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Thin Optical Doubler

July 23, 2014

Harmonic generation is an undesirable feature of some electronic systems, such as audio amplifiers, but it's useful in other cases. In the early days of FM radio, frequency control of transmitters at their 100 MHz frequency was difficult. Quartz crystals, at that time the preeminent means of deriving a precise frequency, only had fundamental frequencies up to about 20 MHz. The solution was to force the crystal to resonate at a harmonic of its fundamental frequency.

If you need to operate at 90 MHz, the fifth harmonic of a crystal with a fundamental frequency of 18 MHz will get you there. The situation is somewhat more complicated, since a crystal's harmonics are not exact multiples of the fundamental, so the fundamental frequency is adjusted to compensate. Only odd harmonics can be excited, since only these wavelengths satisfy reflection symmetry at the crystal surface. Today, atomic clocks are substituting for many crystal oscillators.[1]

Synthetic BerliniteSynthetic Berlinite (AlPO4) crystals grown by hydrothermal synthesis.

This material is isostructural with quartz, and it has similar piezoelectric properties.

(Wikimedia Commons photo by the author.)

The harmonics of quartz crystals are generated mechanically by the crystals themselves, but there are ways to generate harmonics electronically through use of nonlinear devices. These nonlinear devices can be diodes or specially biased transistors, and one common use is in frequency doublers. Frequency doublers are useful components in radio frequency systems, allowing you to convert a stable, lower frequency into a stable signal at twice the frequency. A bandpass filter allows selection of the doubled frequency and rejection of the fundamental and other harmonics.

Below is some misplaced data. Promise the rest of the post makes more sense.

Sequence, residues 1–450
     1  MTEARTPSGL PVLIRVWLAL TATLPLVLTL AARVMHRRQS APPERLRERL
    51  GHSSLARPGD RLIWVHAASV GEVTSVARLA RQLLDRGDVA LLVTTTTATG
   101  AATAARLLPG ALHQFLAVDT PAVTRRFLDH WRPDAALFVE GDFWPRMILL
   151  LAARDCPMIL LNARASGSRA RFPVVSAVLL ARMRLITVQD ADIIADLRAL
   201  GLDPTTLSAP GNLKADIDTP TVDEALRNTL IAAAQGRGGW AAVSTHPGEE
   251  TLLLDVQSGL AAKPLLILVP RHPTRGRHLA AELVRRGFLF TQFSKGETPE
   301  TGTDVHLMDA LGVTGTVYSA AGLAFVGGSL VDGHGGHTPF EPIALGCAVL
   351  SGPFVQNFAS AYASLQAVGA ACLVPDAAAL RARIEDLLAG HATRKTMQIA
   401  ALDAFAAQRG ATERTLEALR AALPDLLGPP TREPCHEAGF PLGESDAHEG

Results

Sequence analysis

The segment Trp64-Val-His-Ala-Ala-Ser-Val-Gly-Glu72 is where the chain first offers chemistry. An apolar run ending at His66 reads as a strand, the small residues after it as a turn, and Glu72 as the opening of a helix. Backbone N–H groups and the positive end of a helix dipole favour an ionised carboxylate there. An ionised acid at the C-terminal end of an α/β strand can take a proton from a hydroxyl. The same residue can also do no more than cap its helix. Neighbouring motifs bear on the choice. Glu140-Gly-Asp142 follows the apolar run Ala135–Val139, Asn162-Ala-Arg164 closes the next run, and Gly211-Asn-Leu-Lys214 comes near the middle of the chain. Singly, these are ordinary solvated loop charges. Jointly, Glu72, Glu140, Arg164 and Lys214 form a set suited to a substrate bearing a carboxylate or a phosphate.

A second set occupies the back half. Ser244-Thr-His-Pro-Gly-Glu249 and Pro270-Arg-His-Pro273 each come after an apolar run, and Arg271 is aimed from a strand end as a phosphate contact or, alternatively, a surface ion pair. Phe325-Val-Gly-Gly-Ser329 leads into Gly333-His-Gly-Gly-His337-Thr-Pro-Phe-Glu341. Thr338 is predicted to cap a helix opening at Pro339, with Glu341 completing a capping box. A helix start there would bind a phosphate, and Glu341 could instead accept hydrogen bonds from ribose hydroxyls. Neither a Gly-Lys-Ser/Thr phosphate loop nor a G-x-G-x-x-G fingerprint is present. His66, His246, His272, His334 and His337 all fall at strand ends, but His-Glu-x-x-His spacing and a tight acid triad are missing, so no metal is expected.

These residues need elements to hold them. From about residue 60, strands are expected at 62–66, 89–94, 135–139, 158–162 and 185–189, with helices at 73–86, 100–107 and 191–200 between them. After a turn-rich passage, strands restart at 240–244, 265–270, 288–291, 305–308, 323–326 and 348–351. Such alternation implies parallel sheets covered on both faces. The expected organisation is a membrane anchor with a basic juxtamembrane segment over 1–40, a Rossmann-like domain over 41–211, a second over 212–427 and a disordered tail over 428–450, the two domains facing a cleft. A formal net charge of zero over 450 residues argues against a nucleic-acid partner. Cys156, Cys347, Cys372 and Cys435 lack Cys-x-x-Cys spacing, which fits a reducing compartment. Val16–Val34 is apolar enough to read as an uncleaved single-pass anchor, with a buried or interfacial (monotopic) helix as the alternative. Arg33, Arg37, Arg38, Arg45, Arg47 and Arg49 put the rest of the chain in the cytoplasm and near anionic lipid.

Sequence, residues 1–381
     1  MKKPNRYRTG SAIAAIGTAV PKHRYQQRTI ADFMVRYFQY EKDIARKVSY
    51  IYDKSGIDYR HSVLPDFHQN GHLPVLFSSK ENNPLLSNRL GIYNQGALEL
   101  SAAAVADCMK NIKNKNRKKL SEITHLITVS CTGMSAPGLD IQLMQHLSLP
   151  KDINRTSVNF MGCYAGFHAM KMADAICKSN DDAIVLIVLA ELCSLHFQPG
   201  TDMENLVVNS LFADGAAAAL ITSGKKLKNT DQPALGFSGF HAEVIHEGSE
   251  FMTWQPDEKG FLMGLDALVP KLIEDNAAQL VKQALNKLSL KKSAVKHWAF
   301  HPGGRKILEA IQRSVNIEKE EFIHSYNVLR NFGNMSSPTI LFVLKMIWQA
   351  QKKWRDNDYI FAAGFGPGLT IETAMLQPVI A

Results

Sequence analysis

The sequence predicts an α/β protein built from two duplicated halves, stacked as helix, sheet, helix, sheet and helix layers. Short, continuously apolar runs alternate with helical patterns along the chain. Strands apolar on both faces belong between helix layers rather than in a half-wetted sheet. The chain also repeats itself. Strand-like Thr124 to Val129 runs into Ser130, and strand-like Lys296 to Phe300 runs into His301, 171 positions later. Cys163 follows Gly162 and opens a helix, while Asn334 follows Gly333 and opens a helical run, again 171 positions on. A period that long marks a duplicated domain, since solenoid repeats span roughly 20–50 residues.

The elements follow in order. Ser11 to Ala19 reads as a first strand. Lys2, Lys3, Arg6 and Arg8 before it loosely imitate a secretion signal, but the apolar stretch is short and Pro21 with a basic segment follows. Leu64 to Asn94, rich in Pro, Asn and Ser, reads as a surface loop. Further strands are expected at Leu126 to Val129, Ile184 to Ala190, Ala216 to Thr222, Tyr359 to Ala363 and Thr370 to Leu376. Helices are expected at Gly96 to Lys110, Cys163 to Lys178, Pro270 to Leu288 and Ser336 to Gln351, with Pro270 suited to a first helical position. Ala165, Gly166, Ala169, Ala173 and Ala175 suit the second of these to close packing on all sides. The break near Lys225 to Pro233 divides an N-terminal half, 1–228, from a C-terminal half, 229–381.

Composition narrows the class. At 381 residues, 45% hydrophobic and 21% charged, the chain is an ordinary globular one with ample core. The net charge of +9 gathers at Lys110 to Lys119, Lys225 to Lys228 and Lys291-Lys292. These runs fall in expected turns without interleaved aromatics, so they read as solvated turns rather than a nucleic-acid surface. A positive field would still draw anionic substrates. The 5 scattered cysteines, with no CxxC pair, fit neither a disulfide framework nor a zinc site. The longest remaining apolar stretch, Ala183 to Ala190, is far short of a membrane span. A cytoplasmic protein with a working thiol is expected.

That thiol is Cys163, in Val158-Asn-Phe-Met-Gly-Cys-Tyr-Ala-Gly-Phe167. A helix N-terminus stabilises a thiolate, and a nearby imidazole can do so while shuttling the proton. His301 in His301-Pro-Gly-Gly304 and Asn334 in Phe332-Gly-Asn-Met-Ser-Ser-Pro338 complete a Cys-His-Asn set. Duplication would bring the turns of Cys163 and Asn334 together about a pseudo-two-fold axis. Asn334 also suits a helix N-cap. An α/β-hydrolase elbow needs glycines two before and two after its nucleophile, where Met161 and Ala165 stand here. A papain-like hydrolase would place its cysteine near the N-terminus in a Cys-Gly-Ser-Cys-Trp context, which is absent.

As I wrote in an earlier article (Second Harmonic Light Generation, September 30, 2011), this same frequency doubling trick can be done optically in media having an optical non-linearity. Nonlinear optical crystals will generate higher frequency (lower wavelength) harmonics of an intense light source, typically the output of a high-power laser.

These non-linear optical effects only occur at high light intensities, where the electric field component of the light is correspondingly high. That's why the first demonstration of optical frequency doubling, in 1961, was after the invention of the laser.[2] That was a doubling of the 694 nanometer (nm) emission of a ruby laser to 347 nm by a quartz crystal. A year later, optical frequency doubling was demonstrated in calcite.[3]